We’ve been told that the Black dollar only circulates in our community for 6 hours. We are universal consumers — we buy from everyone, there is a clear “trade deficit.” With that in mind we should always “Buy Black” but the goal should also be, “sell to everyone.” But that’s precisely where it gets tricky, for many Black owned businesses. To court non-Black customers, Black businesses must obviously find ways to appeal to them. Where to draw the line between courting new customers and maintaining an existing Black customer base is tough.
Shea Moisture was founded in 1912 by a Black woman to cater to the haircare needs of Black women. When they ran an ad in 2017 appealing to non-Black customers, however, there was an immediate backlash. Many loyal consumers felt that the brand was disregarding their loyal customer base. In seeking to appeal to new customers, the old — Black women — felt slighted and reacted vocally. Industrial Bank is a Black owned bank that has operated in Washington, DC for close to a century. Washington, however, is gentrifying and as it does the bank must clearly find ways to appeal to the newcomers in order to remain vibrant — Industrial is a local institution that depends on local deposits. As the bank features more diversity in its various marketing materials, how will existing customers respond?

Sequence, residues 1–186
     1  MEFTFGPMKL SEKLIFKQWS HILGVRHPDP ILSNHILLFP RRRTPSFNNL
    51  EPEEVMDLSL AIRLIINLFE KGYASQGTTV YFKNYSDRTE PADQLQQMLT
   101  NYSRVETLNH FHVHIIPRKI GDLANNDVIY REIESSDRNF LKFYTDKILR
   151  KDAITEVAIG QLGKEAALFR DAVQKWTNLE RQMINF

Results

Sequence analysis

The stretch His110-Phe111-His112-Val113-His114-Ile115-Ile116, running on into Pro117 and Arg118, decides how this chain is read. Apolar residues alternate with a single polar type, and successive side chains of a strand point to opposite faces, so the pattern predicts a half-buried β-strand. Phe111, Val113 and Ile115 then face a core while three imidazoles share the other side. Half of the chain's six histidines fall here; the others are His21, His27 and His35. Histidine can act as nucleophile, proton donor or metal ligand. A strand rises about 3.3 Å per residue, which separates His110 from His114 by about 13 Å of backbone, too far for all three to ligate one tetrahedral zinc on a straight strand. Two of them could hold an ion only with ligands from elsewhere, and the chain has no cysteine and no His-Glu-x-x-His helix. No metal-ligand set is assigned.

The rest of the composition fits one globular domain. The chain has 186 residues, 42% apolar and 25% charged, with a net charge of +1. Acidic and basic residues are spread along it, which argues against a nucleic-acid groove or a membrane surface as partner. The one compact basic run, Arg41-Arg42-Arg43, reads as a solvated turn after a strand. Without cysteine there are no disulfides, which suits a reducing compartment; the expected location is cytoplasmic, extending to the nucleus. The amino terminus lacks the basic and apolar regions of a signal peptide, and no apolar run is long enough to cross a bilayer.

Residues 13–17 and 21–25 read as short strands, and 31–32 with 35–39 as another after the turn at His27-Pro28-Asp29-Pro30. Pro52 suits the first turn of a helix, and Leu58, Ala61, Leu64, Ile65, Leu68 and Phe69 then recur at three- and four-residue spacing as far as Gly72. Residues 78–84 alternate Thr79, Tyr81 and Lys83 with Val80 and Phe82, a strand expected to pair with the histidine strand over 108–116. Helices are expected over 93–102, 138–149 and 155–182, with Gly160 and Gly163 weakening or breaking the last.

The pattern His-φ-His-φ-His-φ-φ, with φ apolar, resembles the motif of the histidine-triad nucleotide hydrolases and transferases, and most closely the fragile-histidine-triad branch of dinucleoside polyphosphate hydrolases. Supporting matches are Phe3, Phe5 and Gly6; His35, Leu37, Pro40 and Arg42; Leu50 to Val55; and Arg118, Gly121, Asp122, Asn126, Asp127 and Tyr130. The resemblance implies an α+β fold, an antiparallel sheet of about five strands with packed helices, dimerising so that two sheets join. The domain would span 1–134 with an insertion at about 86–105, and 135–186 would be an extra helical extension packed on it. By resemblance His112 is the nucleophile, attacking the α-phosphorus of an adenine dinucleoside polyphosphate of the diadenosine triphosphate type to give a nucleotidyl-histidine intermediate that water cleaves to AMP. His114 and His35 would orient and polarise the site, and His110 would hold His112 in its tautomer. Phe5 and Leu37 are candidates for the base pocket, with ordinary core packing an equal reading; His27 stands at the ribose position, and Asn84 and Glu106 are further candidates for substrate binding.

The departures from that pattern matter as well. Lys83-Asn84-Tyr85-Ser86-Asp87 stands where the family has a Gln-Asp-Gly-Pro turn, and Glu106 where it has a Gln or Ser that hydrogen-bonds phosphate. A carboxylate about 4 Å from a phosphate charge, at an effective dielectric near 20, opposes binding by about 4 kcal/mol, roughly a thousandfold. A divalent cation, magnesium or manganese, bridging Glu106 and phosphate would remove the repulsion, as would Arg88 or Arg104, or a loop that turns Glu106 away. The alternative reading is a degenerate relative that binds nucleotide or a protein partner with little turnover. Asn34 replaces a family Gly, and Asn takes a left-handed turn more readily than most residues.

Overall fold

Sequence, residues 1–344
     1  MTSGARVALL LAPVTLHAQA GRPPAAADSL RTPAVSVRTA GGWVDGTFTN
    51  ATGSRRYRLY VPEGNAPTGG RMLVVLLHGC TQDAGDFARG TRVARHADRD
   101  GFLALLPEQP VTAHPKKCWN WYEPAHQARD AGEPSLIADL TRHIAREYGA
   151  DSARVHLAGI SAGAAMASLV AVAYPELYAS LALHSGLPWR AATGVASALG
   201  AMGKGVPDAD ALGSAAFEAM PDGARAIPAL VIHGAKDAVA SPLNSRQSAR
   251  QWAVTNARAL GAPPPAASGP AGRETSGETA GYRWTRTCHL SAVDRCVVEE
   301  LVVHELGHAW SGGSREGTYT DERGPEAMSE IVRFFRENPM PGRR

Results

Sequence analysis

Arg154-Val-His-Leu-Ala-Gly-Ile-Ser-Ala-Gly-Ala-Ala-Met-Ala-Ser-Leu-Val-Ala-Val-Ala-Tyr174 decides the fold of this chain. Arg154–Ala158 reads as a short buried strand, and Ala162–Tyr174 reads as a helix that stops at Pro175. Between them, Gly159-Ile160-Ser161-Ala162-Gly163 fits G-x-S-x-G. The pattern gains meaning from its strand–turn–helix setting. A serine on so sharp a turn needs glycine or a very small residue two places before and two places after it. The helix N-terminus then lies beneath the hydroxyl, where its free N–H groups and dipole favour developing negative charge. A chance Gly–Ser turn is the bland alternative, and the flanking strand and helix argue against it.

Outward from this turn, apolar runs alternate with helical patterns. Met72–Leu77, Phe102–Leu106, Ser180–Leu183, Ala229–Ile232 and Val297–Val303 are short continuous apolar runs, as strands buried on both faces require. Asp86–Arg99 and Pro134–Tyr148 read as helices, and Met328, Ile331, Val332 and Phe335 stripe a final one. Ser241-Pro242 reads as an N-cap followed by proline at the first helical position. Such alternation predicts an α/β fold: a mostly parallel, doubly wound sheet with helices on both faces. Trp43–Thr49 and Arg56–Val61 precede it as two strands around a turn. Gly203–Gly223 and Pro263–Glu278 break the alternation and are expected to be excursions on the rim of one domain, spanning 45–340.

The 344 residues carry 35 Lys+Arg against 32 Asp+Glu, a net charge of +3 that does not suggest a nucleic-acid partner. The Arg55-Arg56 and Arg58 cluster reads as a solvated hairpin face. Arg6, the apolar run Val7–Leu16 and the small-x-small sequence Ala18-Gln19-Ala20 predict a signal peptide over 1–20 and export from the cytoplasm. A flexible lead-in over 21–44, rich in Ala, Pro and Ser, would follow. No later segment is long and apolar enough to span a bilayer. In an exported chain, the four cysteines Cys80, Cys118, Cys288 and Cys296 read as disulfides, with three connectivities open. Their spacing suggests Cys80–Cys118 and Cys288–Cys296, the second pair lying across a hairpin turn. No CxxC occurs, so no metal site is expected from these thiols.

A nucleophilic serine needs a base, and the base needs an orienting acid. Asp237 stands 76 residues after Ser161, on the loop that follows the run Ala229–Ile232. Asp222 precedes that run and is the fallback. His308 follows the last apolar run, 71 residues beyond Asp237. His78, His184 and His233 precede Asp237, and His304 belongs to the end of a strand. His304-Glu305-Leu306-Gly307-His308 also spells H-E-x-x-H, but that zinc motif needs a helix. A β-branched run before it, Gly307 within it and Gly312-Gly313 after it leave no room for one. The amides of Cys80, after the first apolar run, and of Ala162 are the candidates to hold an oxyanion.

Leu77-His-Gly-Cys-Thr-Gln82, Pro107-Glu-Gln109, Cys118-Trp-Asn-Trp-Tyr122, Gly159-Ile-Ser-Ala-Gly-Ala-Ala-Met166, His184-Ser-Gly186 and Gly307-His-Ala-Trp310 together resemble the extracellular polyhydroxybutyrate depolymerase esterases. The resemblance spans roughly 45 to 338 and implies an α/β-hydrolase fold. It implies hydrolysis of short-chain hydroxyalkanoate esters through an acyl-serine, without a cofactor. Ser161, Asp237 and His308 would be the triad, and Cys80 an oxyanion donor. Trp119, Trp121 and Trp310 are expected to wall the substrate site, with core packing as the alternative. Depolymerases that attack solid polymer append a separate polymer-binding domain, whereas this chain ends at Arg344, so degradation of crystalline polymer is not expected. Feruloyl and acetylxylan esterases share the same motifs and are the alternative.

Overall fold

We’ve all been to Black owned businesses in which all the employees happen to also be Black. We’ve been to Black owned businesses in which none of the employees are Black — some might exist in non-Black neighborhoods while other are indeed in Black or mixed neighborhoods. Black Founders who open shop in non-Black neighborhoods might see the value in having a staff that reflects the neighborhood or a more diverse staff, in order to appeal to a more diverse customer base. After all, Black businesses have to appeal to non-Black customers before they can sell to them. Still, others would argue that there are examples of Black owned businesses that are so excellent, the makeup of the staff is inconsequential; every color of the rainbow shows up for the quality, not the color. Is there a right and wrong answer?
Above are a series of questions and scenarios, intended to challenge our thinking. We are universal buyers with a serious trade deficit. Something must change. First, of course, is the imperative to buy Black. Our businesses should, however, seek to sell to everyone. Selling to everyone means appealing to everyone. But where to draw the line and how to do so is the tricky part. Can Black consumers celebrate Black businesses featuring non-Black models to sell merchandise to non-Black people, understanding that the new business will result in more opportunities for Black businesses? If Black consumers trust Black Founders in such efforts, will those Founders be careful to reinvest their new prosperity into the Black community? Buy Black but sell to everyone.